Still, when most people hear a Black person speaking, they know they’re Black. It's something that goes beyond phonetics, phonology, lexical items, morphosyntactic variation—all of those things that sociolinguists, or in linguistics generally, typically identify as the places where languages vary. There is something very intimately tied to identity in ways that we have yet to establish in all of our ways of measuring language. I’m very excited to be doing work on the cutting edge by working with these exact questions.
LSA: There are a lot of ways people can use speech as a tool to discriminate—from forbidding someone to speak a certain language, for example, or assuming that someone who speaks with a regional dialect or non-standard English isn’t smart. As a linguist, how do you think about those kinds of discrimination?
KW: In those examples, language reveals a lot about our culture and our history. What we think of as “grammar” is a raced, classed, gendered, and colonized construction. My research (and that of many others) shows that discrimination can occur through voice alone—and that it has tangible consequences. In order to combat linguistic discrimination, we need to advocate for equity for people who don’t communicate in White Standard Spoken English. In fact, we have an organization of students, faculty, and staff on campus called Language Matters that deals directly with these issues.
The American standard English we speak is a legacy of the anti-immigrant sentiments that swept the United States in the early twentieth century. In other countries, the national standard languages are associated with the largest population centers. Parisian French is the standard variety of France. In England, it’s London—the Queen’s English. So why isn't New York the standard in the United States? It's because of xenophobia.
At the turn of the twentieth century, immigrants from Eastern Europe and other places poured into New York and Philadelphia and other coastal cities. People didn't want to sound foreign or accented so they gravitated towards pronunciation associated with what they considered a pure region of the country: the Midwest. The Midwest speech pattern was explicitly race neutral and ethnically unaccented. Over time, it spread through prominent newscasters, such as Walter Cronkite and Dan Rather, and became associated with people who we considered to have better values.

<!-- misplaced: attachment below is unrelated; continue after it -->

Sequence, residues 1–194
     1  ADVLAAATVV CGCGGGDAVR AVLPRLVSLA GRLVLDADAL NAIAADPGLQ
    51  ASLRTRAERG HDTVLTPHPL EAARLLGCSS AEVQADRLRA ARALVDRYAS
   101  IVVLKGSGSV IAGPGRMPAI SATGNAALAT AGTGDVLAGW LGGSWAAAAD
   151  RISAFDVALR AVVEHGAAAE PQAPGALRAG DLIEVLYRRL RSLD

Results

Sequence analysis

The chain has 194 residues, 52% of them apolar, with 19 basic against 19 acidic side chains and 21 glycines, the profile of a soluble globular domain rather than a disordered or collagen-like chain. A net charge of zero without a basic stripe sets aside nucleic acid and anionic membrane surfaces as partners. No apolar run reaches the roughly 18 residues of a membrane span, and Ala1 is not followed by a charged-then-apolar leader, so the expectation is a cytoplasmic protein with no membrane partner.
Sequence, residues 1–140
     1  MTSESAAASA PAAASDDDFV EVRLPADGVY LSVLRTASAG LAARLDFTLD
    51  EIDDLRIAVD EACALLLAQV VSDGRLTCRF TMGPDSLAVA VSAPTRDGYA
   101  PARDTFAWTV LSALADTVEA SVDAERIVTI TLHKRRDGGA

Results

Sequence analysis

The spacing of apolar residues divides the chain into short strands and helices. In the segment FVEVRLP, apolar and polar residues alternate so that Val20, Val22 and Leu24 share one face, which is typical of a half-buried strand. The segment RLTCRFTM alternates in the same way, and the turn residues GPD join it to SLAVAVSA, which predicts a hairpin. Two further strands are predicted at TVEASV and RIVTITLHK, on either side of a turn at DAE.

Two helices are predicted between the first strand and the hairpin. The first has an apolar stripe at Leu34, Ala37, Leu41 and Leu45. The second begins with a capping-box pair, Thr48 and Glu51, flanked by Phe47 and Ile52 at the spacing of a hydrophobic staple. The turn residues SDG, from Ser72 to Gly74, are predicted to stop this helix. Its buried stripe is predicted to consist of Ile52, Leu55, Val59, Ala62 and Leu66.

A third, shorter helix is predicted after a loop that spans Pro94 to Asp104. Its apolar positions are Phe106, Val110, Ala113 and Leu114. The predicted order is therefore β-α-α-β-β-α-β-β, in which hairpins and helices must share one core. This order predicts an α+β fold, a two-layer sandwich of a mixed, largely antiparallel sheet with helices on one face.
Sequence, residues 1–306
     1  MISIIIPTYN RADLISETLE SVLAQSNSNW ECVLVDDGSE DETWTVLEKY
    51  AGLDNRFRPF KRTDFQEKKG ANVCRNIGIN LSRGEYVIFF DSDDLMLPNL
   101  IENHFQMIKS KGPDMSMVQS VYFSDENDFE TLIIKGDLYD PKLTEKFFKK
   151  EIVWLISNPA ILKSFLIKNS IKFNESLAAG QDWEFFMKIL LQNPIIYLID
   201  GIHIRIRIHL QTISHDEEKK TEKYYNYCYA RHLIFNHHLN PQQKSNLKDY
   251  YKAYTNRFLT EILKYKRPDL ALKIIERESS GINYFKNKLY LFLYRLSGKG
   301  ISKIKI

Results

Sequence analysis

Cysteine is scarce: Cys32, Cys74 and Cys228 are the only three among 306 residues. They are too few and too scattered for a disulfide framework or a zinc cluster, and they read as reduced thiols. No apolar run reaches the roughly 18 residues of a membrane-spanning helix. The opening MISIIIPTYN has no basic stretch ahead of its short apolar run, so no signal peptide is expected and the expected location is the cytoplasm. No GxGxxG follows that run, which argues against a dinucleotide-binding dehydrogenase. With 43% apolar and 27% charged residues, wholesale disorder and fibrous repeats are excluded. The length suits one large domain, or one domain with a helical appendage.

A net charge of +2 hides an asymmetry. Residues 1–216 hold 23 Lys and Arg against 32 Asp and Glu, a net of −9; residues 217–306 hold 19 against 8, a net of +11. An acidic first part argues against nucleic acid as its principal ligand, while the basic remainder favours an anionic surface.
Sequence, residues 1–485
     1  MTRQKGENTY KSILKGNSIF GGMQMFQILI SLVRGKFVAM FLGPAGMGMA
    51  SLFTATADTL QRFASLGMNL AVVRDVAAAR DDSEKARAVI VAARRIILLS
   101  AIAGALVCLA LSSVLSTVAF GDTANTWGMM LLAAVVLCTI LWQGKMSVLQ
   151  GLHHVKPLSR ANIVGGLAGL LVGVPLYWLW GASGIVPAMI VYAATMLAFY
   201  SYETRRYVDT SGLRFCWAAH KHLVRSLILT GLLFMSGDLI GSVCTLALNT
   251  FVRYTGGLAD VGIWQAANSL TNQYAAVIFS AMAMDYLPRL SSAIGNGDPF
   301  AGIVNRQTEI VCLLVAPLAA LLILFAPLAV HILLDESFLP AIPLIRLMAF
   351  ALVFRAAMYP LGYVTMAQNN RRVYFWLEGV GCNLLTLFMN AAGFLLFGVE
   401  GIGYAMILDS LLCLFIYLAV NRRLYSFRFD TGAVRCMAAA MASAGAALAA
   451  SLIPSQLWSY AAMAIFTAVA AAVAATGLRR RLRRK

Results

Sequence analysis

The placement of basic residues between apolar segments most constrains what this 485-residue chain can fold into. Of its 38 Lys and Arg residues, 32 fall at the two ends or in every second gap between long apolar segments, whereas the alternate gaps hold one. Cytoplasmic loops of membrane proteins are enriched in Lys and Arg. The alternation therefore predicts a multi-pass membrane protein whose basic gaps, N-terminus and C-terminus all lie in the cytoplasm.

LSA: If Midwestern speech is the standard, does that mean Midwesterners don’t have accents?
KW: Everybody has an accent, and what's interesting about your accent, about any individual voice, is that it carries a lot of your history. My voice is Southern and it's Black because that's where I grew up and that’s my heritage. My mother is a German immigrant from upstate New York. Her speech is very standard because she learned English in school. Her parents didn't speak it, so that's the only English she knew when she was a child.
All this interesting stuff comes into your voice and then you get to a point where you think, “Okay—this is who I am and this is how I want to sound.” I don’t think people observe their own voices enough to realize what's really cool about it.
LSA: Why is our language such an important signifier?
KW: I love this question because language is integral to our experience of the world. The same thing that structures our thoughts and memories, this cognitive engine that we have for making sense of the world and seating ourselves within it, is the exact same engine that helps us communicate. It's how we orient ourselves to other people, and it's how we create and express our personal identities, our collective histories, our knowledge, and our ancestries. They are all baked into the linguistic material that surrounds us.
When we encounter another person, we use all the information we can to determine who they are and to predict how they'll react to us. In a perfect world, prejudice wouldn't affect our next step, our next action. But in our world our ideological predisposition and stances mold much of what we attend to in someone’s language.
Because our brains work the way they do, there are things that you produce in your voice that you yourself don't hear. We do the same thing when we’re listening to other people. They might produce features that you don't hear, or they might not produce features that you think you hear. Your voice, your actual voice, says a lot about you. It has all these wonderful features about it. A lot of people think, “I don't have an accent.” But you do and your voice is amazing.